www.breathe-london.com/waterloo-acupuncture

07570091568

1. http://www.pharmainfo.net/reviews/potentialities-artemisia-annua-malaria-therapy

2. http://www.hindawi.com/journals/pd/2011/789506

Rhino Horn Image sourced from rhinoconservation.org

Inspiring – Walking with the Wounded

I have often asked myself: what is the difference between someone who takes life on and someone who accepts their fate?

My wonderful Grandmother was a survivor of Auschwitz ( German Nazi Concentration and Extermination Camp 1940–1945, her story is told in her book, From Thessaloniki to Auschwitz and Back ). Her whole family managed to survive. She was on the first train out of Thessaloniki Greece and could speak both German and Greek. The family ended up being translators for the Germans and through a combination of a lot of luck and strength of mind, she and her immediate family (father, mother and brother) all survived. Unfortunately not all of her extended family and friends had the same fate. She only passed away last December and managed to lead the most fantastic life; full of love and laughter. Undoubtedly Auschwitz left her with her demons, haunting her throughout her life, but nevertheless she was the most positive person I have ever met. She had an amazing strength inside of her, understanding anyone’s problems and helping them to find their own inner strength to succeed, whilst still having the courage to challenge situations that she felt weren’t right. She also had an amazing ability to forgive, even hosting the German ambassador for dinner in her later years. What was always clear to me though, was that she survived and succeeded because of how mentally strong she was.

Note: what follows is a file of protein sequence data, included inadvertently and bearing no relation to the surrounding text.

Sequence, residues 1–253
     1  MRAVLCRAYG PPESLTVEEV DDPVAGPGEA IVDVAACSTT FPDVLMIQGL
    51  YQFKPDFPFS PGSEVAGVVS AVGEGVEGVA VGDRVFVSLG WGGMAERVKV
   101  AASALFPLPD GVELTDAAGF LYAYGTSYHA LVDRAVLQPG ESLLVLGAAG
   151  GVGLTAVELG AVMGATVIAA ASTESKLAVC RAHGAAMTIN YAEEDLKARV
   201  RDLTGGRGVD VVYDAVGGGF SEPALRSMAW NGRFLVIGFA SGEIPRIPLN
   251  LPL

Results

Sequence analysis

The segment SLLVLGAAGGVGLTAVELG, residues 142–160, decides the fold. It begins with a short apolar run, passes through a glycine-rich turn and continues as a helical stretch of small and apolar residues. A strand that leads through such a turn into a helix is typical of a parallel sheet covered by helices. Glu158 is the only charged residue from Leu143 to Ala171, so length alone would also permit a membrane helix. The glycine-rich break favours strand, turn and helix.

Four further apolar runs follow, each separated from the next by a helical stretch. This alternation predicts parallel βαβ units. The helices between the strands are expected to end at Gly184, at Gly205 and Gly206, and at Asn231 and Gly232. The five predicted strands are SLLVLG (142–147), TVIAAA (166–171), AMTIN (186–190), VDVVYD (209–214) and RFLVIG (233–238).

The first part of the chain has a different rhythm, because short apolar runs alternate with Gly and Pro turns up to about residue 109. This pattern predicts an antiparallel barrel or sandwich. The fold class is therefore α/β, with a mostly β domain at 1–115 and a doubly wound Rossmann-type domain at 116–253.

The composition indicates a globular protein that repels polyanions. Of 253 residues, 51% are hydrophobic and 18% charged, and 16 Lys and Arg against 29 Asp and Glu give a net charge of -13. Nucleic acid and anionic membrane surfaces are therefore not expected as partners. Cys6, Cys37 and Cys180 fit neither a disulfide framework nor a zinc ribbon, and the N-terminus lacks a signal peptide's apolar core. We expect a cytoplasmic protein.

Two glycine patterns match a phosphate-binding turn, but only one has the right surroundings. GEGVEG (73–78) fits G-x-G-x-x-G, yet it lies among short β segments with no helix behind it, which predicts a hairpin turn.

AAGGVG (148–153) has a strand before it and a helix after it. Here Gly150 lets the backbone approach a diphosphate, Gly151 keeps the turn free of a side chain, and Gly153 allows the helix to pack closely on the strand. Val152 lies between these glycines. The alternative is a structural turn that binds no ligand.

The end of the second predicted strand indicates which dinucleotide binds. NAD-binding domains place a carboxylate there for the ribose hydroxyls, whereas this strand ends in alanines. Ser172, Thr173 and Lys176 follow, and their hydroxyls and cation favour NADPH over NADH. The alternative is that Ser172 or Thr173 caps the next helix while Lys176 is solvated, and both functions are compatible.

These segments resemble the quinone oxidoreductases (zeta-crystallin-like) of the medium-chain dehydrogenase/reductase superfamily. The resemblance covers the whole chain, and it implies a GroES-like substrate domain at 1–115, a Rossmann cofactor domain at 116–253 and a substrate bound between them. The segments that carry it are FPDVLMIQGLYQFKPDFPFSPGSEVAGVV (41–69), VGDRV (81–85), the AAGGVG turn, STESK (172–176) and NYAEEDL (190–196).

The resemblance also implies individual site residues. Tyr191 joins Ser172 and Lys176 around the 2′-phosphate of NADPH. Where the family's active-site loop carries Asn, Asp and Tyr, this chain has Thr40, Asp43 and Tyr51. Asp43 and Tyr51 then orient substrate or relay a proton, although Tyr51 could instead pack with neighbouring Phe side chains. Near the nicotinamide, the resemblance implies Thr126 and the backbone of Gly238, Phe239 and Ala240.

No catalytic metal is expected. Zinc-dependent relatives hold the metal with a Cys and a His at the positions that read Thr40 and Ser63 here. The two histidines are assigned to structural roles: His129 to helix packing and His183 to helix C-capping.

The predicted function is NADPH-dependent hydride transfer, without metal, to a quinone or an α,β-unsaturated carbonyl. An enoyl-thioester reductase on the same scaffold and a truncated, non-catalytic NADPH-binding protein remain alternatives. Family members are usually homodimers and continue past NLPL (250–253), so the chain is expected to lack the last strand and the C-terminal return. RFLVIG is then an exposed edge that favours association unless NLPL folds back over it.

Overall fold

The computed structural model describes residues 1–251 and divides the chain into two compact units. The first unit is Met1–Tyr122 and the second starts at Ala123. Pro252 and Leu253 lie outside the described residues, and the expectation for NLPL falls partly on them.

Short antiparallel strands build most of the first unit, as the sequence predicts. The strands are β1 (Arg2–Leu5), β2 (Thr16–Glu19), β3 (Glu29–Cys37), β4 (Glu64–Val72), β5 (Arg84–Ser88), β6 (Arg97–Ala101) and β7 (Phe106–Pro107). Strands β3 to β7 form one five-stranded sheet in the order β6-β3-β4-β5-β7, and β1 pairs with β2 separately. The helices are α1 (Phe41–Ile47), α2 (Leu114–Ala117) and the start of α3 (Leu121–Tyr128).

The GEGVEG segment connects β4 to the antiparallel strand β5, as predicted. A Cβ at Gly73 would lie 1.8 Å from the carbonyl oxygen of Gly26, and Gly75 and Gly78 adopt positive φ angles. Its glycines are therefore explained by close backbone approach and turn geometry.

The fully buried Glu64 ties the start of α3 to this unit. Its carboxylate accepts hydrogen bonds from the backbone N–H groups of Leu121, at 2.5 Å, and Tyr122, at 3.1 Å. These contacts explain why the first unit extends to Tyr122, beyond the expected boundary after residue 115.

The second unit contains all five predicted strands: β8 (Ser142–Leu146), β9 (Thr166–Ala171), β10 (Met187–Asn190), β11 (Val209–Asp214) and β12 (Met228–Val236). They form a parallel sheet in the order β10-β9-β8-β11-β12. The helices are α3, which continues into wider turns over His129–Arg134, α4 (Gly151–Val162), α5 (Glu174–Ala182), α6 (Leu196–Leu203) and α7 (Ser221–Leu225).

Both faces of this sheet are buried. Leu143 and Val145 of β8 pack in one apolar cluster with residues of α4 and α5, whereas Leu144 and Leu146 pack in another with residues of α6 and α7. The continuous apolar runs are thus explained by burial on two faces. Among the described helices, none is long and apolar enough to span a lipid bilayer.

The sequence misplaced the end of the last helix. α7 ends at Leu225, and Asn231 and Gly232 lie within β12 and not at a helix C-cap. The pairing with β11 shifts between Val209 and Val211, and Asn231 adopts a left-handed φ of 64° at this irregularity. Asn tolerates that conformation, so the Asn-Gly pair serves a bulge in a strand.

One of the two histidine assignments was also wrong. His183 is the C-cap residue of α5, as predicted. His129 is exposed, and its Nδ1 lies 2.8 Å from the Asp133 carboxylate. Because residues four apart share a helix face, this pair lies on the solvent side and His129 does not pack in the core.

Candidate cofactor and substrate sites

And in life today there are countless examples of mental strength. Lord Alan Sugar for one; starting life in a council house and without a lot prospects, he is now a household name, having become a multi-millionaire along the way and at the age of 64, shows no signs of stopping. I look at the amazing troops to come out of war having suffered life-changing injuries both physically and psychologically, now taking on incredible challenges like Walking with the Wounded and I find myself asking again “what makes them stronger, more focused than others?”

We all know the people who seem to always find misery, they seem to never be happy despite the amazing house, car, husband, job, children etc. What makes them so different? Could it all be perspective?

How is it that some people give up and accept that they will never walk again whilst others fight until they can walk, defying the laws of medicine? Like Sergeant Steve Young from the programme, Walking with the Wounded on BBC , he was told he would never walk again after having suffered a broken back whilst serving in Afghanistan. He defied the medics and four months after his injury was walking again. Sergeant Young then undertook the challenge of a lifetime; along with his teammates they became the first team of unsupported war-wounded amputees to reach the Geographical North Pole, in only 13 days they managed to combat the most torturous conditions.
I watched the 1st episode of the programme in awe and felt humbled to see these men taking on a challenge that most able-bodied people would find near impossible. Although they all had times where they battled with their inner-demons, having to come to terms with their injuries and adapting to their new life, they all managed to remain upbeat and focused, remaining a team, helping each other along the way.

I have been very blessed with my life, I have had my fair share of challenges which I hope has made me a better therapist but I have always found the inner strength to overcome what life has challenged me with.